We have been lucky enough to be sent a copy of the latest App from Kuato Studios, Dino Tales, to take a look at and review on the blog.
I couldn’t resist this App because a) I love dinosaurs and b) the graphics on the developers website were cute, colourful and very engaging so I had high hopes for the App itself on release.
What is the Dino Tales App?
Dino Tales (available for the iPad, iPhone and iPod Touch) is an educational App, designed for children aged 4-11 years old. The premise is that you can hatch your own baby dinosaurs within the game, which you then look after and explore the island they live on with. Giving my tendancy to kill things, I was a little worried that my dinosaur might come a cropper…watch out pink Pickle! *that’s the name of my dinosaur by the way*
The game allows children to ask questions, using a specially designed Word Wheel in the game (Ask Darwin), via an aptly named dinosaur, Darwin. This helps kids to learn about dinosaurs, fossils and plants in prehistoric times.
Each time a child plays the App, they create a story, or Dino Tale. These tales are created from each individual game, and are based around a specific task, such as knocking down all the rocks with a boulder, or sliding down the volcano on a lava flow. These tales can then be read at a later date through the storybook section within the App, also easily accessible from the home screen. Any Dino Tale created will include the name the child called their dinosaur, and highlighted words within the story can be altered. This is designed to encourage children to explore language; for example using alternatives for verbs or adjectives, e.g. chatted, or tired.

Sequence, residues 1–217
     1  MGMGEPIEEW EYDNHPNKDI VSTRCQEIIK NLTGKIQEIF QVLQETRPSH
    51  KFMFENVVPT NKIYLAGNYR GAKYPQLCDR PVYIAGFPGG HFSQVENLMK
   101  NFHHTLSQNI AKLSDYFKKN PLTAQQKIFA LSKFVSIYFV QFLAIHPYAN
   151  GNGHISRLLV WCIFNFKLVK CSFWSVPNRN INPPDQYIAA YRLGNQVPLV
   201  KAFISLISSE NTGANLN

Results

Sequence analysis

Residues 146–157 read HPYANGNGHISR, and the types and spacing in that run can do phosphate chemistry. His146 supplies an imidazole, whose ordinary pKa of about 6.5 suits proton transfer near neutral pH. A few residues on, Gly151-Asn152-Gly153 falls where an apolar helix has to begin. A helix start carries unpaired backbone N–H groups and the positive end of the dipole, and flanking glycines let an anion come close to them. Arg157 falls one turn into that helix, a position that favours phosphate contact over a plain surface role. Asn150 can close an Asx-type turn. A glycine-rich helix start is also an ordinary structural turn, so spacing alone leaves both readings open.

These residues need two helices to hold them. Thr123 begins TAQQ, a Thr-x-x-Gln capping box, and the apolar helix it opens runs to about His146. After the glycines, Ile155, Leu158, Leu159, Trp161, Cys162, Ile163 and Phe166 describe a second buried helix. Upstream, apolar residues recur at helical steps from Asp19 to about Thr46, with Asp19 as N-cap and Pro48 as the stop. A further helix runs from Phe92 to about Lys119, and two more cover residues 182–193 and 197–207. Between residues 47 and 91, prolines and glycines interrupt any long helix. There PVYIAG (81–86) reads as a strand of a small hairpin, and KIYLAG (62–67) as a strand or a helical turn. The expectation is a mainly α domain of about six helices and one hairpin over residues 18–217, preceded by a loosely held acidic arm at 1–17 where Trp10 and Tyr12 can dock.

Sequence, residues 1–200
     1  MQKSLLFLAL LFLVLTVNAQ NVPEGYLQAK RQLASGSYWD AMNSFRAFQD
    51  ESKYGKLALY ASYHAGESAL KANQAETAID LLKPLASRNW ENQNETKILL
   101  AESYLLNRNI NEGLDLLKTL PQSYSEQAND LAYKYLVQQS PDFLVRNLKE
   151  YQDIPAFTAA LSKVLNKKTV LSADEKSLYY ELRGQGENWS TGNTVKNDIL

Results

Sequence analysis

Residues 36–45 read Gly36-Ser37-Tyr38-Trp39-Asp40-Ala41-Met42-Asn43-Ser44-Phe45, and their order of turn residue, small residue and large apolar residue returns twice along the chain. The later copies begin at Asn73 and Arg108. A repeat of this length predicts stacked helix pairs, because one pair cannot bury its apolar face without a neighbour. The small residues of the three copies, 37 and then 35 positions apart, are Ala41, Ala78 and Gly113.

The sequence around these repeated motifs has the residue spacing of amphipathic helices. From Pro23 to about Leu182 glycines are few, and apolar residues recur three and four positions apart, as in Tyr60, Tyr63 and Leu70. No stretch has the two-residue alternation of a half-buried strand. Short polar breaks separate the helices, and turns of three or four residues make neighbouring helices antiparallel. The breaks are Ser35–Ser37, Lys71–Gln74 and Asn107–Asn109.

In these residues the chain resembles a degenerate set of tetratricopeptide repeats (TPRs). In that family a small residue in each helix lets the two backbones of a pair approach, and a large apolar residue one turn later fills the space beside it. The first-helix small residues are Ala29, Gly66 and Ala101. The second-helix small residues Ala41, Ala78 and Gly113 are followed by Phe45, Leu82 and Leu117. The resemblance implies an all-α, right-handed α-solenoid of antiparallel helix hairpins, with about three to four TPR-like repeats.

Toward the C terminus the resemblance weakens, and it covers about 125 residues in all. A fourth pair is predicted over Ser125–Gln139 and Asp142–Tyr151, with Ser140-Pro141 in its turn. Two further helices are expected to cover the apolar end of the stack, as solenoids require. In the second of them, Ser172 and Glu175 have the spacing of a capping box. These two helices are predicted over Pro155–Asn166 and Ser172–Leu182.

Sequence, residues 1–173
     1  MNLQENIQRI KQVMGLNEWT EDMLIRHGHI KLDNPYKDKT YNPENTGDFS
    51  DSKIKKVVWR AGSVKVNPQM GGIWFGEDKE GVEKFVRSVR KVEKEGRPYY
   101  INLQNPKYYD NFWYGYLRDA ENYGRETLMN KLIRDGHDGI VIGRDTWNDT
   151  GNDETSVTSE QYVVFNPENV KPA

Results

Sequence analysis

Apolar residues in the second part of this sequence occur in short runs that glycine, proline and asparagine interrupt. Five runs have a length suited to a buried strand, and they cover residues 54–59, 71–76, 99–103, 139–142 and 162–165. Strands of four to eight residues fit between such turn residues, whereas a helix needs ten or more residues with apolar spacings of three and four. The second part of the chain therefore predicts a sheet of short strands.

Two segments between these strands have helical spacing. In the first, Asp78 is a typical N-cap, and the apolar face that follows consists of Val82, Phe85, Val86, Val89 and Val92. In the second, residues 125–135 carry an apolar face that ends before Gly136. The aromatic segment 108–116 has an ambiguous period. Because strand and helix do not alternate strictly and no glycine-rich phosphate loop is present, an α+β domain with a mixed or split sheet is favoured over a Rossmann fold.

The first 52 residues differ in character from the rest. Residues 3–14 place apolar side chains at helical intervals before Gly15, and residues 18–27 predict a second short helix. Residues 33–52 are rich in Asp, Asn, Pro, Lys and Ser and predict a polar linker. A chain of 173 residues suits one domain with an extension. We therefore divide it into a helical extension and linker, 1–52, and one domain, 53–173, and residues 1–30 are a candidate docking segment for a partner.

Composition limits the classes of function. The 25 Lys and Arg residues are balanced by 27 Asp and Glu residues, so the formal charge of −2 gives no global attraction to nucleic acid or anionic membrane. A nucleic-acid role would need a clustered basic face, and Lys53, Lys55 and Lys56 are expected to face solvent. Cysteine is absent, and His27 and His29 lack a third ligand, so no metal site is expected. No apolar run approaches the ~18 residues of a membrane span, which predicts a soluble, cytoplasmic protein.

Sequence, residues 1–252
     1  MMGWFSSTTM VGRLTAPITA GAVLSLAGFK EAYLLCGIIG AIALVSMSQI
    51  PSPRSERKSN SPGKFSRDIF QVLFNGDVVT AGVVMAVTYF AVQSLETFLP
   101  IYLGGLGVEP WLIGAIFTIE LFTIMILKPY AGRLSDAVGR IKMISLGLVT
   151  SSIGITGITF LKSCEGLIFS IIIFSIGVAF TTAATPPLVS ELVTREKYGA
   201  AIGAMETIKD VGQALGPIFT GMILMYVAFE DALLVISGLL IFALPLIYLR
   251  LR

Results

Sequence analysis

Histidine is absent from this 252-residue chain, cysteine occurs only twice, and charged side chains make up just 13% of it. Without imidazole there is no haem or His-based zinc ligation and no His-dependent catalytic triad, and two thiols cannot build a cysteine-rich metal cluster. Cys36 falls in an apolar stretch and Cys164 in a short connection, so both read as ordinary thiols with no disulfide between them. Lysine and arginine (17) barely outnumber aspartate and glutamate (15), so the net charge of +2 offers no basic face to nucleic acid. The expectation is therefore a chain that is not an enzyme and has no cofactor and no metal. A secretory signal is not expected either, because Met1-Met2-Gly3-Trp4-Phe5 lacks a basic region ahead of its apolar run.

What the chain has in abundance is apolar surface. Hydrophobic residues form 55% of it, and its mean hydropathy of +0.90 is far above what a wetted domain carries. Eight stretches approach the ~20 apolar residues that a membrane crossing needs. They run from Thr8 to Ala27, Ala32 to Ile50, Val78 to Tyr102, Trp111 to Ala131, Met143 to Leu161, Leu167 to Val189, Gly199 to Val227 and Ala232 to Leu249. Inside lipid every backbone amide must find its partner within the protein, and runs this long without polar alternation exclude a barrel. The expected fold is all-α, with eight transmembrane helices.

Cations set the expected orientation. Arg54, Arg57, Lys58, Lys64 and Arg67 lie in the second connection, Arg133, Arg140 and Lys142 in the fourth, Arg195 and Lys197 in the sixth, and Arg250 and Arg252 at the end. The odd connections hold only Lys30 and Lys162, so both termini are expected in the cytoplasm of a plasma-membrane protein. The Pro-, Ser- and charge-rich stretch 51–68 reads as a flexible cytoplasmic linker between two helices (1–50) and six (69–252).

It is tempting to think of each story as “a mission”, but it is important to remember that this is not the purpose of this game, This app doesn’t encourage children to reach goals and reward them for doing so. Each tale is created regardless of whether or not the task mentioned at the start of the gameplay has been completed. The purpose of the App is to create a narrative for children to explore, and encourage them to improve their reading, writing and vocabulary, both on their own or with an adult. It doesn’t matter if they don’t complete their tasks, this is just a theme for the creation of each Dino Tale.
What do we think of Dino Tales?
We found it very helpful to read the Parent Corner before beginning gameplay, as this provides clear instructions on the game, as well as a place to set your child’s reading level. The graphics are superb, and very appealing to both my daughter and son. The ability to change the colour of the dinosaurs they played with was of great fascination to them both. This was easy to do as well, using the Berry Blaster in the toolbar that is ever present within the game (bottom right of screen).
It did take us a while to work out how to move the dinosaur, and it would perhaps have been better if the game had been designed so it was possible to move them by just touching the screen, rather than using an onscreen control-pad. However, children will LOVE that they can make their dinosaurs perform specific movements by swiping them. This can only be done through the tools, rather than in game, but Stuntboy loves that his dinosaur sneezes and rolls over on command!